Business

June 4, 2014

Lockheed Martin receives contract award for vertical launching system

The U.S. Navy recently awarded Lockheed Martin a contract to provide engineering design services for the MK 41 Vertical Launching System that helps protect the fleet from numerous naval warfare threats.

This $10 million cost-plus-fixed-fee contract includes options, which if exercised would bring the total contract value to $182 million.

As the only system capable of launching anti-air, anti-submarine, surface-to-surface and strike missiles, the MK 41 VLS can receive orders from multiple weapon control systems to handle every warfighting mission. Lockheed Martin has been the prime contractor on the VLS for more than 32 years.

This award continues our legacy of reliability and performance on the VLS program, said Joe North, vice president of Littoral Ship Systems for Lockheed Martin’s Mission System and Training business. ìWe remain proud to work with the Navy to make the MK 41 VLS the worldís premier below-deck, multi-mission launching system and take the responsibility the Navy has entrusted to us very seriously. Our team is dedicated to providing our customer with the best technology on time and on budget, as we have since the programís inception.

As the international launcher of choice for surface ships, MK 41 VLS systems are either in service or on order with the United States and 12 navies around the world. MK 41 has been integrated in 23 different ship classes and 12 different weapon control systems. More than 12,000 MK 41 VLS missile cells have been delivered or are on order, with 100 percent on-time shipyard delivery.

This contract combines purchases for the U.S. Navy and eight allied navies under the Foreign Military Sales program. Included in the work is missile integration, software development, integration of VLS into new ships, technical refresh, systems engineering and life cycle support for MK 41 VLS. These services will also be done on the U.S. Navy’s Ticonderoga-class cruisers and Arleigh Burke-class guided missile destroyers. The work will be performed at Lockheed Martin’s locations in Baltimore, Md., and Ventura, Calif.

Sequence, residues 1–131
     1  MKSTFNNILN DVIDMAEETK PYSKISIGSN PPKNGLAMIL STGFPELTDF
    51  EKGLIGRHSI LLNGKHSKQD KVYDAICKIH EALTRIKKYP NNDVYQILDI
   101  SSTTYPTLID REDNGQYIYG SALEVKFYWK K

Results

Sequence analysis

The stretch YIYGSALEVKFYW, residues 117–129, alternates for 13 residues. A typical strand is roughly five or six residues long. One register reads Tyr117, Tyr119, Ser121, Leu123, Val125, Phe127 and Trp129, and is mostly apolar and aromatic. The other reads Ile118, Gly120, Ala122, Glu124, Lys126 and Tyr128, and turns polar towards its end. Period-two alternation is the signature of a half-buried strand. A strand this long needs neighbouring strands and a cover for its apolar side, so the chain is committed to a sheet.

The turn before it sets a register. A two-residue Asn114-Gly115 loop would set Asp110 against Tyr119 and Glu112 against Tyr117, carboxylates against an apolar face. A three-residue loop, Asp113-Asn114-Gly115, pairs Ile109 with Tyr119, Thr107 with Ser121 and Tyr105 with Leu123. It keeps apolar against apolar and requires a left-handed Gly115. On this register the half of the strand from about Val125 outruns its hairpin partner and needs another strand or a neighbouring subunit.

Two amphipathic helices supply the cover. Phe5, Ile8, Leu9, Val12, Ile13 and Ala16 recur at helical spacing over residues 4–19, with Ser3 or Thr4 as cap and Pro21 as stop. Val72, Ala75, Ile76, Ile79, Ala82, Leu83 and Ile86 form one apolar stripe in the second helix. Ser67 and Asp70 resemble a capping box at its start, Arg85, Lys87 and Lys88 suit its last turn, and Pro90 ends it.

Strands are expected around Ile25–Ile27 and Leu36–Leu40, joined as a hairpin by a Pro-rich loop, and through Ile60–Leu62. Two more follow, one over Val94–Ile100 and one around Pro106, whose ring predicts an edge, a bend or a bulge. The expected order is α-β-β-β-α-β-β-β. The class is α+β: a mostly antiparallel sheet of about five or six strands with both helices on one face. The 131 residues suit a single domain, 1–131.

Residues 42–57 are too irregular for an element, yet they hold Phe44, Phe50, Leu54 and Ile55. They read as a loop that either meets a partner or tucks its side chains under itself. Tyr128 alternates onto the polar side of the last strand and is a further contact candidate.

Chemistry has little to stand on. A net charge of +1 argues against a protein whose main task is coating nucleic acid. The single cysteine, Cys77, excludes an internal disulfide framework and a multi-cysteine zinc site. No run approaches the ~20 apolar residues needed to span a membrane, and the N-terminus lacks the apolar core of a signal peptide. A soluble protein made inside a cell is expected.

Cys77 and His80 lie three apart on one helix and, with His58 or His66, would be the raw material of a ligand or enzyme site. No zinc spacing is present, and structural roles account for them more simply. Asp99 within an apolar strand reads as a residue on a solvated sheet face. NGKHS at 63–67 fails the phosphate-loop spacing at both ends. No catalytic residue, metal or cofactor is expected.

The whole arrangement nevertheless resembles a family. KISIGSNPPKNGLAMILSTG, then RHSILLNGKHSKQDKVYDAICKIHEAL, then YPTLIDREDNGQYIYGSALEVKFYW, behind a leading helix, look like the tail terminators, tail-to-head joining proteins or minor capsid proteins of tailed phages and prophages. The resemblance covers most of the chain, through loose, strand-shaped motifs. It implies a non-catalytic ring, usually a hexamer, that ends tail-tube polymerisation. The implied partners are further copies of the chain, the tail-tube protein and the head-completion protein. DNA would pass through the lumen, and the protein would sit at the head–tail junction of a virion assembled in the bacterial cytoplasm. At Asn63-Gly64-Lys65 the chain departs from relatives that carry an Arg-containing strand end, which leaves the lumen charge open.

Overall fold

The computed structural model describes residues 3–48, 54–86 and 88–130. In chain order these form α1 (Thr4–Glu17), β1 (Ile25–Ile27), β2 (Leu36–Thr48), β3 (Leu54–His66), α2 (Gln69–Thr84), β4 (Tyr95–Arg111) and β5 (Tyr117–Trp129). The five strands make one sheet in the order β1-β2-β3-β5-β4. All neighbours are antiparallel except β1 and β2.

All of this week's top headlines to your email every Friday.


 
 

 

Headlines July 27, 2015

News: U.S.-Turkey deal aims to create de facto ‘safe zone’ in northwest Syria – Turkey and the United States have agreed on the outlines of a de facto “safe zone” along the Turkey-Syria border under the terms of a deal that is expected to significantly increase the scope and pace of the U.S.-led air war against...
 
 

News Briefs July 27, 2015

Putin OKs maritime code calling for strong Atlantic presence Russian President Vladimir Putin has approved a new version of the country’s maritime doctrine that calls for maintaining a strong Russian presence in the Atlantic Ocean amid concerns about NATO expansion. The doctrine, which covers naval, merchant marine and scientific maritime issues, also adds the Antarctic...
 
 
Army photograph by SFC Walter E. van Ochten

U.S., Ukraine, Romania, Bulgaria train together at Rapid Trident 2015

Army photograph by SFC Walter E. van Ochten U.S. soldiers, of the 3rd Platoon, 615th Military Police Company, 709th Military Police Battalion, react as they conduct reacting to contact training as part of their situational trai...
 

 
nasa-astronaut

Astronaut Stephen Frick retires from NASA

Astronaut Stephen Frick has retired from NASA to accept a position in the private sector. Frick, who flew as both a shuttle pilot and commander, left the Agency July 13. Steve has been a great asset to the astronaut office and ...
 
 
Army photograph by Sgt. Juana M. Nesbitt

Estonian, US forces receive new jump wings

Army photograph by Sgt. Juana M. Nesbitt Pvt. Kalmer Simohov, of Parnu, a volunteer with the Estonian Defense League, receives his U.S. Army Airborne wings following the joint airborne operations exercise at a drop zone in Nurm...
 
 

Lockheed Martin, StemRad studying first-responder radiation shield for potential deep-space application

StemRad, Ltd. and Lockheed Martin have initiated a joint research and development effort to determine if StemRad’s radiation shielding technology ñ originally designed for first-responders ñ could help to keep astronauts safe on deep-space exploration missions. This collaboration is part of Lockheed Martin’s ongoing effort to establish international partnerships for human explorat...
 




0 Comments


Be the first to comment!


Leave a Reply

Your email address will not be published. Required fields are marked *

You may use these HTML tags and attributes: <a href="" title=""> <abbr title=""> <acronym title=""> <b> <blockquote cite=""> <cite> <code> <del datetime=""> <em> <i> <q cite=""> <s> <strike> <strong>